On this side of the border, 61% of adults are familiar with the term “podcast”, compared to slightly more reported in the United States, 64% (Edison Research). In Canada, it’s no great surprise that 18–34-year-olds show the most enthusiasm for this type of audio content. 41% of the members of this age group listen to a podcast every month. The Canadian average stands at 28%.

However, a comparison between the United States and Canada shows that we do not consume podcasts in the same way.

Many Canadians still prefer to listen to podcasts on their computers (40%), although their preferred method is via a mobile device (57%). Americans have a preference for listening to podcasts on their mobile devices (68%), while nearly 30% of fans use their computers to listen to them. Our differences can also be seen in the locations we choose for listening. More Canadians (61%) than Americans (49%) prefer to do their listening at home, where new devices have made remarkable progress during the last year. Indeed, among American consumers who frequently listen to podcasts, 24% regularly listen to this type of programming using a smart speaker. It is important to point out that contrary to Canadians, they have had access to this technology since 2014.

Smart speakers and creative content

Canadians have embraced smart speakers.

Available in Canada since June 2017, already 8% of the national population says they own one (Edison Research). Moreover, half of smart speaker owners keep the device in their living room (MTM), which may give rise to consuming more than just practical content (like asking for a weather forecast, a general knowledge question, or listening to the news), such as collective listening and interactive creative content.

The use of smart speakers is reminiscent of the beginnings of radio, whose history is closely tied to collective listening. Whether in a public setting or a more intimate family gathering, radio broadcasting allowed multi-generational groups to gather around a single technology. Through smart speakers, audio seems to have maintained its power to unite.

Our 2018 report described several different interactive storytelling initiatives developed for Amazon’s Alexa. The industry has continued to experiment in this area by launching interactive productions related to series and films. Netflix promoted its Lost in Space series via an interactive audio adventure designed for Google Home.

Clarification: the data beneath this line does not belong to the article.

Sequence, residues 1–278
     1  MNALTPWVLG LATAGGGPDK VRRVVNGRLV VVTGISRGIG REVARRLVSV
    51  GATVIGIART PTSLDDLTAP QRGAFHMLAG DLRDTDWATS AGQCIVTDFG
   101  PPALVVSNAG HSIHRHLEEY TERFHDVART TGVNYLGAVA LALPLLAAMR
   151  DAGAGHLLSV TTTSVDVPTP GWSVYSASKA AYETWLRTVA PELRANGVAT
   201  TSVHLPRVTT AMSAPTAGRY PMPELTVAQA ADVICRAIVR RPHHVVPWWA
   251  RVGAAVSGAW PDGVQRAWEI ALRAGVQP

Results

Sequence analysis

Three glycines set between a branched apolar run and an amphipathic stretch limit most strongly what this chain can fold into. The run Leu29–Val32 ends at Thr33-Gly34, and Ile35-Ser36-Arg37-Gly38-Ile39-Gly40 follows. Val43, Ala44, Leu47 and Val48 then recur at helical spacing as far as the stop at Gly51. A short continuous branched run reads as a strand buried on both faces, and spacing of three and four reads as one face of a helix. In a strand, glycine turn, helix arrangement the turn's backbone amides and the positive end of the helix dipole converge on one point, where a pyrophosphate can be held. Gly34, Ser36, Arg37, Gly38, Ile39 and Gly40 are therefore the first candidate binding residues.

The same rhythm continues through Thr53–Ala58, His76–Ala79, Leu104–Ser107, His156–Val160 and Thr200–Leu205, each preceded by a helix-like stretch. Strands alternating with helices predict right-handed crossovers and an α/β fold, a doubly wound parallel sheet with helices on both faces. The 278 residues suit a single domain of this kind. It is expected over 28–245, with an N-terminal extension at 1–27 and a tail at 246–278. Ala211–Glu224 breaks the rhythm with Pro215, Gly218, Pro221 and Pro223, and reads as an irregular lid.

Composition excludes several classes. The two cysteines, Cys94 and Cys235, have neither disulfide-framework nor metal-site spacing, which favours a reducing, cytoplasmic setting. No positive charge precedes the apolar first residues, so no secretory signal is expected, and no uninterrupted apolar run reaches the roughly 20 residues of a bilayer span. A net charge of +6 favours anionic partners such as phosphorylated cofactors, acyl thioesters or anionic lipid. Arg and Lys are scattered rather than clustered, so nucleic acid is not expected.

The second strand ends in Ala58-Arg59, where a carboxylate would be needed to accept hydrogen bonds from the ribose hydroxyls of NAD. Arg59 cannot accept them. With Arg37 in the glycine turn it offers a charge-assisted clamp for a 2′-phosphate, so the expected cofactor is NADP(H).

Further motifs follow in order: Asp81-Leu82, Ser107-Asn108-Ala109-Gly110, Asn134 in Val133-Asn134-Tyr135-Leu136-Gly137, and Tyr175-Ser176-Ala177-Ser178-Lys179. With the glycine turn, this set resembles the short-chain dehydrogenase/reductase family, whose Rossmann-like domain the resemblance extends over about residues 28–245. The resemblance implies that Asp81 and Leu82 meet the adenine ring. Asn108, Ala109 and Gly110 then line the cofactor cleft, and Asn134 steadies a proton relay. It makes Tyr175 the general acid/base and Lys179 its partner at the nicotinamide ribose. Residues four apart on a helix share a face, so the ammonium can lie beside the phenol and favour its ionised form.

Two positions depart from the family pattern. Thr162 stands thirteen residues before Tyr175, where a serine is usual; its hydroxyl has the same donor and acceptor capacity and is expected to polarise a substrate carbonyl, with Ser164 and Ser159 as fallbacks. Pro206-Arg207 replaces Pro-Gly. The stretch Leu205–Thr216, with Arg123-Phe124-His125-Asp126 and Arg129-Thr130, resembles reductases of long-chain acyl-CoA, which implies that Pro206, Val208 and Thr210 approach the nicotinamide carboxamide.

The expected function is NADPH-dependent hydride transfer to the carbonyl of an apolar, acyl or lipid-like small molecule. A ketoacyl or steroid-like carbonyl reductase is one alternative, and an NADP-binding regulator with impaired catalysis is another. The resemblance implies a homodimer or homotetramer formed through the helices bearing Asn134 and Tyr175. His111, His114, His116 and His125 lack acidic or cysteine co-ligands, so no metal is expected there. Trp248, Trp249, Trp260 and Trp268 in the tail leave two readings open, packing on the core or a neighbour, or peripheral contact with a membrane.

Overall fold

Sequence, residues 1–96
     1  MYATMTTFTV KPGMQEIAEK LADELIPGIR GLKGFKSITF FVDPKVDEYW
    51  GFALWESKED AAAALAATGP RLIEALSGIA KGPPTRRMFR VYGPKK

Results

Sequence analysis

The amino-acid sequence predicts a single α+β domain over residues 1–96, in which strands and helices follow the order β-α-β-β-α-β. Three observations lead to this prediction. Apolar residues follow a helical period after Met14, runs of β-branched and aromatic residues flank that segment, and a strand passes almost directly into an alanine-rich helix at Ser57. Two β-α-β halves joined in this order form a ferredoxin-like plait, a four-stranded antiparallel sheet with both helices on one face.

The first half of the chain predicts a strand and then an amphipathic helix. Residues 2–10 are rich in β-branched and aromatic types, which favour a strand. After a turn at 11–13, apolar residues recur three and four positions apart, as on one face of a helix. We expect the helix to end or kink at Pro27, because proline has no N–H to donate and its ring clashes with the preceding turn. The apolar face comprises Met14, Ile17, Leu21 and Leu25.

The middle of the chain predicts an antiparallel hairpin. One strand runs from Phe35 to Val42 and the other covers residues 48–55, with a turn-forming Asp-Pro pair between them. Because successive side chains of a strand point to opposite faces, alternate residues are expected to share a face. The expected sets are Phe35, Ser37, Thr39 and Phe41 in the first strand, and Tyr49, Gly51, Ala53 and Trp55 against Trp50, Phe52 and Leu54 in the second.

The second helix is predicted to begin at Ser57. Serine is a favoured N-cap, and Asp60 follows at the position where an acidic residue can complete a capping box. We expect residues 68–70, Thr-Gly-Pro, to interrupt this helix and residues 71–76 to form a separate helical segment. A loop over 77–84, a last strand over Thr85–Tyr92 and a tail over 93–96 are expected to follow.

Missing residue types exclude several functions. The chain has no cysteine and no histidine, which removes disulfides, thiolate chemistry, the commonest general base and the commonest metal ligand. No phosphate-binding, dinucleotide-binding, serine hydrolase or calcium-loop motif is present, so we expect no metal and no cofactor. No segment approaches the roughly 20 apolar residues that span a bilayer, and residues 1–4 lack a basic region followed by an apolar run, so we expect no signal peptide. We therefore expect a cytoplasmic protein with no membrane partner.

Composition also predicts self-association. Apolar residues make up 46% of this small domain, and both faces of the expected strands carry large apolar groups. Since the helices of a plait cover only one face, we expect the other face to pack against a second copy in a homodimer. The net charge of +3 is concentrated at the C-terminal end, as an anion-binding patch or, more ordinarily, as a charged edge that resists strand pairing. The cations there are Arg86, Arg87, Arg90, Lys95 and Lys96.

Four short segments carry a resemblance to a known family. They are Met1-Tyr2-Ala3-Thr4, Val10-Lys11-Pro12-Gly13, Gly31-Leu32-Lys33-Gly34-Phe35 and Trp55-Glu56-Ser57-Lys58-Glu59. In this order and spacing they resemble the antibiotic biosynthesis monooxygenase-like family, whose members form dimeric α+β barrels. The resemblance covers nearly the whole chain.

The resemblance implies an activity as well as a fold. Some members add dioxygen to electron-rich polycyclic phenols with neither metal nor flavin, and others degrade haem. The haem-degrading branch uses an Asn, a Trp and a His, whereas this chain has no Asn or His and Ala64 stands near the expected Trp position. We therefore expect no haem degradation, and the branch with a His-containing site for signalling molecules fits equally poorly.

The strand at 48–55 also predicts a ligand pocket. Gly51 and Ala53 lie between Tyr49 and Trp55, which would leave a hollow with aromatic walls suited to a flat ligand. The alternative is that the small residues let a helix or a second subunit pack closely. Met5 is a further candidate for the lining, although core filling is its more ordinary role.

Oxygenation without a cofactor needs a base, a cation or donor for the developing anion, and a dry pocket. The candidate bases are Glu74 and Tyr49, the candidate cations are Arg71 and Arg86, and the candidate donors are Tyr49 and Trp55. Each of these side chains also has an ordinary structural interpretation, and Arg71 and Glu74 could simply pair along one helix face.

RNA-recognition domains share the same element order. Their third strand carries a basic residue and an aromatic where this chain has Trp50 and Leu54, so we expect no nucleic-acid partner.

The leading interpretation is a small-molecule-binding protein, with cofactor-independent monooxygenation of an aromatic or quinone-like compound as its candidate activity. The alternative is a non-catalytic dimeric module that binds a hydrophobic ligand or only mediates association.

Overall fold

Interactive audio stories targeting the kids’ market

The interactive audio content offer for children has exploded over the last year.

Amazon has even launched a children’s version of its Echo smart speaker with integrated parental controls. BBC Kids, LEGO and Nickelodeon are among the companies that have produced content for this type of device.

In the last year, Universal and Earplay also launched Jurassic World Revealed for Alexa. Earplay, in coproduction with American public radio station WBUR, released You and the Beanstalk, a tale for 6–12-year-olds.

In Canada, Groupe Média TFO launched its Boukili Audio application, an interactive game to help 4–8-year-olds learn French. Additionally, Toronto’s Storyflow launched a platform and hub for interactive voice entertainment and started developing choose-your-own-adventure style interactive stories for children. Targeted at families, the stories let kids interact with characters and choose how the action unfolds.

Carefully controlled content

Of course, the use of voice-activated assistants in general and smart speakers in particular only requires us to use our voices.

In contrast with many other technologies that demand minimum levels of competency in reading and writing or a certain fluency with screens and keyboards, one needs only to be able to speak to use a smart speaker. Consequently, they are accessible to a very large client base, which includes children.

However, we still do not know what effects this type of content will have on young audiences. Sara DeWitt, vice president of digital at PBS Kids, wonders if children truly understand to whom or to what they are speaking. It is therefore crucial that care be taken in the creation of interactive audio stories targeting children and youth.

Beyond these important considerations, the increasing popularity of these devices translates into numerous opportunities for experimentation in content creation.